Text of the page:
## Abstract

This paper extends the theoretical framework presented in the preceding Part I to the lifetime distribution of quasibrittle structures failing at the fracture of one representative volume element under constant amplitude fatigue. The probability distribution of the critical stress amplitude is derived for a given number of cycles and a given minimum-to-maximum stress ratio. The physical mechanism underlying the Paris law for fatigue crack growth is explained under certain plausible assumptions about the damage accumulation in the cyclic fracture process zone at the tip of subcritical crack. This law is then used to relate the probability distribution of critical stress amplitude to the probability distribution of fatigue lifetime. The theory naturally yields a power-law relation for the stress-life curve (S-N curve), which agrees with Basquin's law. Furthermore, the theory indicates that, for quasibrittle structures, the S-N curve must be size dependent. Finally, physical explanation is provided to the experimentally observed systematic deviations of lifetime histograms of various ceramics and bones from the Weibull distribution, and their close fits by the present theory are demonstrated.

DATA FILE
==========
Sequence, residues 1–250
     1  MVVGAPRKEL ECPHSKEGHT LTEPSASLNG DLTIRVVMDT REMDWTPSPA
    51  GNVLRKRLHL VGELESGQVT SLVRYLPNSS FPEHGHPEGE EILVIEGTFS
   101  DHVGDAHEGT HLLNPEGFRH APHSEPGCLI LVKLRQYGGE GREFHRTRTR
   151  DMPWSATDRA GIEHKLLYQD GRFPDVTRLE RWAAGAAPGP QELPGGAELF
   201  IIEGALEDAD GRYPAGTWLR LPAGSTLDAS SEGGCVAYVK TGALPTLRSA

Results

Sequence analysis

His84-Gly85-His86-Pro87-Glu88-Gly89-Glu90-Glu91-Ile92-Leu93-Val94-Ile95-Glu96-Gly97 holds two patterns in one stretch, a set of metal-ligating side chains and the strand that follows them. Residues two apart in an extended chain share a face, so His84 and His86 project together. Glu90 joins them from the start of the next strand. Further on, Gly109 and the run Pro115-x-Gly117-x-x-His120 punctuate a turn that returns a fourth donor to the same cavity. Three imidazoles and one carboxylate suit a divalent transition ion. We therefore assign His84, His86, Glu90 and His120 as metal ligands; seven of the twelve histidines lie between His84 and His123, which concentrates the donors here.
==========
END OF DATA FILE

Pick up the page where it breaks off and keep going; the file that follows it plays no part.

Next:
Original language | English (US) |
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Pages (from-to) | 1322-1337 |

Number of pages | 16 |

Journal | Journal of the Mechanics and Physics of Solids |

Volume | 59 |

Issue number | 7 |

DOIs | |

State | Published - Jul 2011 |

## Keywords

- Fracture
- Probabilistic mechanics
- Side effect
- Statistical modeling
- Structural safety

## ASJC Scopus subject areas

- Condensed Matter Physics
- Mechanics of Materials
- Mechanical Engineering